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Old 07-29-2008, 05:46 PM   #21
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RE: Combined shift and throttle levers?

Like flying a plane, it's not at all complicated to do, but it can be difficult at first for a person to visualize WHAT to do. So the twist-your-butt, drive-the-bulldozer, visualize-parentheses analogies are easy ways to convey to an inexperienced boater what to do with the shifters to maneuver a twin-engine boat around.

You only have two choices in a single engine boat--- forward or backward. You have to know about propwalk and you have to know about rudder function and effectiveness but there's nothing fancy you can do with the shifter.

The butt-bulldozer-parentheses analogies work for a three-engine boat. I don't know what the skippers of triple engine boats today do but the skippers of PT boats in WWII usually had the motor mac in the engine room leave the center engine in neutral or shut it down altogether and they'd do all their close-in maneuvering on the two wing engines only. The drawback there was that the three props on a PT boat all turned the same way and the rudders were so tiny they were all but useless at low or no speed, so the boats didn't have nearly the maneuverability you get with a pair of counter-rotating props.

-- Edited by Marin at 19:53, 2008-07-29
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Old 07-29-2008, 06:26 PM   #22
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RE: Combined shift and throttle levers?

I simply choose to realize and understand the dynamics at work....
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Old 07-30-2008, 04:23 PM   #23
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RE: Combined shift and throttle levers?

Charles wrote: The way I learned was this: Think of the two shift levers as parenthesies as the force of the thrust is in the direction of the parenthesies.
( )

If you want the bow to move to the RIGHT then shift the LEFT engine into FORWARD.
If you want the stern to move to the RIGHT then shift the LEFT engine into REVERSE.

If you want the bow to move to the LEFT then shift the RIGHT engine into FORWARD.
If you want the stern to move to the LEFT then shift the RIGHT engien into REVERSE.

Then he wrote: The parenthesies model works the same on single or double handle installations and any number or engins.

My boat is missing the second shift lever for the parenthesis model to work the same. My single engine turns the back of the boat to starboard every time. If I rev the engine it turns faster, propwalk. So it can't be the same if I don't have two or more engines.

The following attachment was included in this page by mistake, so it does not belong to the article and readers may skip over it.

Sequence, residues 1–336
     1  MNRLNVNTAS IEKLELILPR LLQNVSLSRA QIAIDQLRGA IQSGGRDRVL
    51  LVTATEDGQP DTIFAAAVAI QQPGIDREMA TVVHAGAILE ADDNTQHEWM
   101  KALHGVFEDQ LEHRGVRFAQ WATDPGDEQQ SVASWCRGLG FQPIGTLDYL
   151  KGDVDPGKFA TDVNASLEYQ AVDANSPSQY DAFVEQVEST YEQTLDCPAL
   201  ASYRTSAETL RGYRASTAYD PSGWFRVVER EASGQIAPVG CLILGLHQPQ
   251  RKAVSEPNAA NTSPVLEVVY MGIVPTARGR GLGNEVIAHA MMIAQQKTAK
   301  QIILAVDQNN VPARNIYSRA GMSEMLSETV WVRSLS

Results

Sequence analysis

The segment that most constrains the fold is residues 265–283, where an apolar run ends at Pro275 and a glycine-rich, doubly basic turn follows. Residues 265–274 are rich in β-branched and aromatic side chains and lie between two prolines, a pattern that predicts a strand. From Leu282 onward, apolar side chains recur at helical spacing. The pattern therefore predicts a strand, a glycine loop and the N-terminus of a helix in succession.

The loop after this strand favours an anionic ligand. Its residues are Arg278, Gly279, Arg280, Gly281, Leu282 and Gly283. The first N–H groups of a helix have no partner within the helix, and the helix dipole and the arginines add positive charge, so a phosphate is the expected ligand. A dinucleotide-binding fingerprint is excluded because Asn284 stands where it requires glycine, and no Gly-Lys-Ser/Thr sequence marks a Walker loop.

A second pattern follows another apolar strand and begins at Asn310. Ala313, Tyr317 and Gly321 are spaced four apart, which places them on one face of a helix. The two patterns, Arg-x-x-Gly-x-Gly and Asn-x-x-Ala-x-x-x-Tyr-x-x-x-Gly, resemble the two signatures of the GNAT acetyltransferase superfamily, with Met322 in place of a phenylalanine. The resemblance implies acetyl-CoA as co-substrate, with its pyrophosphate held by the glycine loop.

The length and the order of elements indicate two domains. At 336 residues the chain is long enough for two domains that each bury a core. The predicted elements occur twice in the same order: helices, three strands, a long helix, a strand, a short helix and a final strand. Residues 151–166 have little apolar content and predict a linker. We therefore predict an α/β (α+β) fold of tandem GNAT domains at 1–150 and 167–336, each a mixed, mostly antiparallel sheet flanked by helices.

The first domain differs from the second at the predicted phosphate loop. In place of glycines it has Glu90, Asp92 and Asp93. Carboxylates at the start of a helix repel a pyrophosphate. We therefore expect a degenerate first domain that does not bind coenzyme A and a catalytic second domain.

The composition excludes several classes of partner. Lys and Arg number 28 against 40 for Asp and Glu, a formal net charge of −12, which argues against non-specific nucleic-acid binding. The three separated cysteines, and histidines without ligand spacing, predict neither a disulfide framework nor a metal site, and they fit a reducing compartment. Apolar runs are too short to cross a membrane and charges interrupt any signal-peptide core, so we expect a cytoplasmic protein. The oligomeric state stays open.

And as Marin points out the PT boats don't maneuver worth crap because of all the props being the same style. A number of the triple screw Chris Crafts were "modified" by taking out the middle engine when one of the outboard ones broke. They sometimes wound up with two engines turning the same direction also. So again the parenthesis maneuver doesn't always work .

So, if one can't learn to mentally translate the shift lever movement into what the boat is going to do accidents will happen. Especially when doing that backing up thing we all get stuck doing every so often. Maybe thinking parenthesis, etc. will help some moving forward. If the person who has to think bulldozer treads when moving forward needs to make a rapid decision in reverse I'm not going to bet that things will go well. It's the think time when a gust blows them out of line that seems to make the difference. Fortunately here in the PNW with no wind and tide that doesn't happen often.

Just my opinion, yours may vary.

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Old 07-30-2008, 07:38 PM   #24
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RE: Combined shift and throttle levers?

Ken--- I agree with everything you said except the think time when using an analogy like bulldozer treads. These analogies work because they elminate the time it takes to reason the situation through. You're simply substituting a process you're totally familar with for one you're not familiar with (yet).

When I was getting used to maneuvering our boat I didn't have to think bulldozer treads and then transfer this to the boat and then manipulate the shift levers accordingly. Maneuvering a bulldozer became automatic to me as a teenager and still is decades later even though I haven't run one since. It's not something I have to think about. So I simply treated the boat as a bulldozer in terms of how to use the shifters to move the back of the boat around or point it in the direction I wanted to go. It took something I didn't know how to do--- maneuver a boat--- and substituted an idential process than I did know how to do--- drive a bulldozer.

The whole thing doesn't work unless the operator is totally familiar with the analogy. I explained the bulldozer analogy to my wife when she was trying to learn to maneuver the boat and got a blank stare. An analogy like this doesn't work if you have to first think about how the analogy works and then think about how to apply it to the boat. But the "rotate your butt" idea was something she didn't have to think about.

Of course if one has any sort of aptitude for operating a boat at all it doesn't take much time before the analolgy is no longer needed. What to do with the boat's shift levers quickly becomes as much second nature as what to do with the clutch levers on a bulldozer (at least on the one I ran in the 1970s-- the new ones use joysticks). But analogies like bulldozers, parentheses, etc. can be very useful in helping a peson overcome their timidity and uncertainty of what to do with the shifters when they are new to twin-engine boats.
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